Anika: We've down about 10 or 12 shows so far. When I first started, nervous, like, oh my god, what are people going to think of my bass skills? But as I learnt the songs more and more it's easier. You really up your game and become a better bass player. The only thing I find hard about playing with Tim is that I'm not the main person, and I can't talk to everyone. But we've got this new thing where me and Anna, who's the drummer, we just pretend to fight on stage and hard out talk and Tim's all quiet.

Charlette: At one of the Tim Guy gigs, you wore an extra large hat and seemed to be standing in the shadows. It seems a little different to the extroverted personality you show at your own gigs.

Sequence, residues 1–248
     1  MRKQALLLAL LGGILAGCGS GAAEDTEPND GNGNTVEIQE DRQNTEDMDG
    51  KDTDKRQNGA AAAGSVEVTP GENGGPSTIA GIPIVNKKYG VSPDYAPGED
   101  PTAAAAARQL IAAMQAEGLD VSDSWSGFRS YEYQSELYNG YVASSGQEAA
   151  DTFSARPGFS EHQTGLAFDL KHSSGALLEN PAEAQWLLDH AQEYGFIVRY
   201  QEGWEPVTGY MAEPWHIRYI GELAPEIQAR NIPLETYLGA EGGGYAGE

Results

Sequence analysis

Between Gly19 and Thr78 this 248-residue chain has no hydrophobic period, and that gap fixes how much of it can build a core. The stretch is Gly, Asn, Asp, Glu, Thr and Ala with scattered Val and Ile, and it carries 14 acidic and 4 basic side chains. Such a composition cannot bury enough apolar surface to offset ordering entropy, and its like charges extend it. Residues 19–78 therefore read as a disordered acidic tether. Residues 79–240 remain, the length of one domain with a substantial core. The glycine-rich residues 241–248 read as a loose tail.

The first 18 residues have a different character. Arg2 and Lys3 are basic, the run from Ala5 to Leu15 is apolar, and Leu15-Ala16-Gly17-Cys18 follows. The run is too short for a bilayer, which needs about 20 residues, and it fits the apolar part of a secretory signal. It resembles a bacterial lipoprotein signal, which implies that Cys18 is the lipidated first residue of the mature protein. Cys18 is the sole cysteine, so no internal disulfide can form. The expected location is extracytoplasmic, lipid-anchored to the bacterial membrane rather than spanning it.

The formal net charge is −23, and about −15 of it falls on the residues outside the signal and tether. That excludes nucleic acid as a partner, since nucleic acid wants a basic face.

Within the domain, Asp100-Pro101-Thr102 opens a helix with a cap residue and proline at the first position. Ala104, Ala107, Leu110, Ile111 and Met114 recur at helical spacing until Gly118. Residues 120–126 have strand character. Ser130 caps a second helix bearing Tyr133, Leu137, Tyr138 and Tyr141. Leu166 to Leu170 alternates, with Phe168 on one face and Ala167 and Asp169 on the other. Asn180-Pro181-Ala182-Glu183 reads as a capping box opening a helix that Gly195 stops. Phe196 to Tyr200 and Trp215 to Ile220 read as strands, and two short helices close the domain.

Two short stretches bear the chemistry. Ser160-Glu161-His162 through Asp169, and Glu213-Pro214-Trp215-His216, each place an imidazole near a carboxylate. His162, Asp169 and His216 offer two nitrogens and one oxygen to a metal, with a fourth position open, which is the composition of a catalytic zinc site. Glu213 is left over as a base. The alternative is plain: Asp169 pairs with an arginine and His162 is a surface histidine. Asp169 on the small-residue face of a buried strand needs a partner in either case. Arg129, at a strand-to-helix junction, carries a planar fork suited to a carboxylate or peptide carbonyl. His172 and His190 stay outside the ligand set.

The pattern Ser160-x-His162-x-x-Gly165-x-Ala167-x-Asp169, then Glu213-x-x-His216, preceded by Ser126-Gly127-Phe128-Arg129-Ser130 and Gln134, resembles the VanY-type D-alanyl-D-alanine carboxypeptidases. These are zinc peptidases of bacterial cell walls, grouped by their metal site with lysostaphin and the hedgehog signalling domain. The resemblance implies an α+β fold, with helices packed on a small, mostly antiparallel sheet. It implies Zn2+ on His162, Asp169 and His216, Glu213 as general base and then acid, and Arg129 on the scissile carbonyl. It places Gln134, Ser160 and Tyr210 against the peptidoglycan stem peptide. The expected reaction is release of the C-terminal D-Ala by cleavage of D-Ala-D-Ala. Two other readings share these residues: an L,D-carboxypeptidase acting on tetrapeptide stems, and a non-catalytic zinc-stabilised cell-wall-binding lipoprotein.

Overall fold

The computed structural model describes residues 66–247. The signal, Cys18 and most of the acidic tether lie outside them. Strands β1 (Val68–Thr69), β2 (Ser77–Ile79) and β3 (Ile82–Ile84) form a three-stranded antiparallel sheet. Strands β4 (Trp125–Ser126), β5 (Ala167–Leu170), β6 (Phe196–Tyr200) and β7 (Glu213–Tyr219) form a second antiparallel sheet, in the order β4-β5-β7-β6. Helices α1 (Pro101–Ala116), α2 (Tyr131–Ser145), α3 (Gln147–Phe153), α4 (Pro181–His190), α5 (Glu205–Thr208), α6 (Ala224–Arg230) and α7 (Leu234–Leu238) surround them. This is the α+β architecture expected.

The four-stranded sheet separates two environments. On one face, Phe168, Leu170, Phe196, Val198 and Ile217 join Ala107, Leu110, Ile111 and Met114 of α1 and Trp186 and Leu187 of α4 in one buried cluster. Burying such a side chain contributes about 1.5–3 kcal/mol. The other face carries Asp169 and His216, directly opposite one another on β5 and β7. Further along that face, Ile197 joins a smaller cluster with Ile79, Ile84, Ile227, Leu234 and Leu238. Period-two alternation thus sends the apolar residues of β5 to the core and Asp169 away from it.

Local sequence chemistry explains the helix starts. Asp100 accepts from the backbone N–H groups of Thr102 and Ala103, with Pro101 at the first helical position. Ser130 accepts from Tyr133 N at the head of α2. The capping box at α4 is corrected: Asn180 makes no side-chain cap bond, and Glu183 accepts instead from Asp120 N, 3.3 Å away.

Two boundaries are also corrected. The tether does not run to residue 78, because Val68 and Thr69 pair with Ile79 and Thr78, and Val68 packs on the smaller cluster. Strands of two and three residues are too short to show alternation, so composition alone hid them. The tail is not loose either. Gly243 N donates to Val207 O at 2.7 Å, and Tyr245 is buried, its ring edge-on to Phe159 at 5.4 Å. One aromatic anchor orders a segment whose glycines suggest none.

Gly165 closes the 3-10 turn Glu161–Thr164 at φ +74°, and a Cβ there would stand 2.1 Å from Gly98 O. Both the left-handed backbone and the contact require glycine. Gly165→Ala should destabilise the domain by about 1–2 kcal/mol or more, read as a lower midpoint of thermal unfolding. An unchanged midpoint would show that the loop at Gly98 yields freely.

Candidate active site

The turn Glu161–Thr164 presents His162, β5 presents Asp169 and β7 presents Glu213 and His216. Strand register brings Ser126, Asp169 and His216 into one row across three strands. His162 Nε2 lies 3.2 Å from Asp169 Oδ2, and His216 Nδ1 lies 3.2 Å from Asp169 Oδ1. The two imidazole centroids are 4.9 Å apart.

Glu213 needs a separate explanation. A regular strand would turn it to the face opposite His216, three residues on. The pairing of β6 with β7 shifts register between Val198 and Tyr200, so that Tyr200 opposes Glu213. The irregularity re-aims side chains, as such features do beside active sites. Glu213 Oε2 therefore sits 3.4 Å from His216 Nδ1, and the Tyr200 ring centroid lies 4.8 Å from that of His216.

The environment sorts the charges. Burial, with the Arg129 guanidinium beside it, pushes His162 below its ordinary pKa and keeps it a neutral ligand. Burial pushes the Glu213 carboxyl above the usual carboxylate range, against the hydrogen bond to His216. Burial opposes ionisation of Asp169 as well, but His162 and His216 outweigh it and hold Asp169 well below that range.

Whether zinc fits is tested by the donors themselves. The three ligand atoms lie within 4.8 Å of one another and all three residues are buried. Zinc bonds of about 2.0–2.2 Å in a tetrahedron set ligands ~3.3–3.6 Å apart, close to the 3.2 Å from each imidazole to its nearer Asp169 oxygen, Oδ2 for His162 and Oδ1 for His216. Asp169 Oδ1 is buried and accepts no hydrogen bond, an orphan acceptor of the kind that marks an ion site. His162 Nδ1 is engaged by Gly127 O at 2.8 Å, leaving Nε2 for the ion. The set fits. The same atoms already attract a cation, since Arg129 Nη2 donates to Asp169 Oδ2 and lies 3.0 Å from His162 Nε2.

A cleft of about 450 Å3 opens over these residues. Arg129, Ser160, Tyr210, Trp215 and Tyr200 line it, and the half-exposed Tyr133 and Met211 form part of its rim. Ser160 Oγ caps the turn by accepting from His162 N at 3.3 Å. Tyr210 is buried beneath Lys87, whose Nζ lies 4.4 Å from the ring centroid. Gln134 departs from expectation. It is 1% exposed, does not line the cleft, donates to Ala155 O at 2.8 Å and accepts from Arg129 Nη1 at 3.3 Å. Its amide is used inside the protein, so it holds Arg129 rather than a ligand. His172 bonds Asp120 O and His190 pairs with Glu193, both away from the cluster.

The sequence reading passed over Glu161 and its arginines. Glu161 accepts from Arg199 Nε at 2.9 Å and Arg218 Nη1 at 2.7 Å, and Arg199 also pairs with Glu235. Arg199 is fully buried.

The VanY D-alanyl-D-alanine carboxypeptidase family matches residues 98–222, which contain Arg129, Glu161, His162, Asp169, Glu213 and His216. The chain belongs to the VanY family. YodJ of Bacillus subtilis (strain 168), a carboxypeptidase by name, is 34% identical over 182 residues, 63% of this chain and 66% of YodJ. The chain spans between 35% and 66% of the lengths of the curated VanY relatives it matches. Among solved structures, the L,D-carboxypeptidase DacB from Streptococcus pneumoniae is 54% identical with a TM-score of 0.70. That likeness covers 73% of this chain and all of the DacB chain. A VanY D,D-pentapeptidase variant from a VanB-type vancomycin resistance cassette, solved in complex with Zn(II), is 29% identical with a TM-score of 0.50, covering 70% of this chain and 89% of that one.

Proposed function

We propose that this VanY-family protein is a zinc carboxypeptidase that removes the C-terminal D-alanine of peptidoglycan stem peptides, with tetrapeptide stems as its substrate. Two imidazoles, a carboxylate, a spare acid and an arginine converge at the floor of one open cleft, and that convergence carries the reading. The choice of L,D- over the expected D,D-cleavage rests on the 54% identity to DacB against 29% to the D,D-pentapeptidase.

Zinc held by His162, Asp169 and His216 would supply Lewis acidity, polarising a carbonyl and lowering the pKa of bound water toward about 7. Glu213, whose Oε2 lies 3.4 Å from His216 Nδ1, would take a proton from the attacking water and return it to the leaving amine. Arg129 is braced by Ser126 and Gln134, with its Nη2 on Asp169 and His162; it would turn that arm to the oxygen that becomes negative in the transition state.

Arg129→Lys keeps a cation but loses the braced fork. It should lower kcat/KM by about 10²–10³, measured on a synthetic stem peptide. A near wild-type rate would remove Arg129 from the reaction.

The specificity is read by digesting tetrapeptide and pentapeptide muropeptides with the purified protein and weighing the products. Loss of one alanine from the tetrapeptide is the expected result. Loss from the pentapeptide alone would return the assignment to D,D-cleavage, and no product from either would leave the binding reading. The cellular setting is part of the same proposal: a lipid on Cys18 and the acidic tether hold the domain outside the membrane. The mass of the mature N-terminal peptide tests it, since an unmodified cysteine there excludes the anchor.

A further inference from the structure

Anika: I know, that's the awkward thing is that I can't be extroverted, 'cause it's not my gig. You know, it's Tim's beautiful music, it's his love. I've just got to play the bass and look hot, really.

Charlette: Both the Dimmer and the Bic Runga gigs involved a gathering of the cream of New Zealand musicians, was it ever intimidating working with that level of talent, or was it more like hanging out with a bunch of mates?

Anika: It was more intimidating because Neil Finn is really good at ping pong, table tennis. His skills were far better than most of ours. That was the competition. We'd always, when we finished recording, we'd go and play table tennis. I'd be like, 'come on, you've got hit songs, hit albums, could you at least let me win a couple of times, like lower your standards'. So he let me win a couple of times. He gracefully bowed out. But I could tell he didn't like it.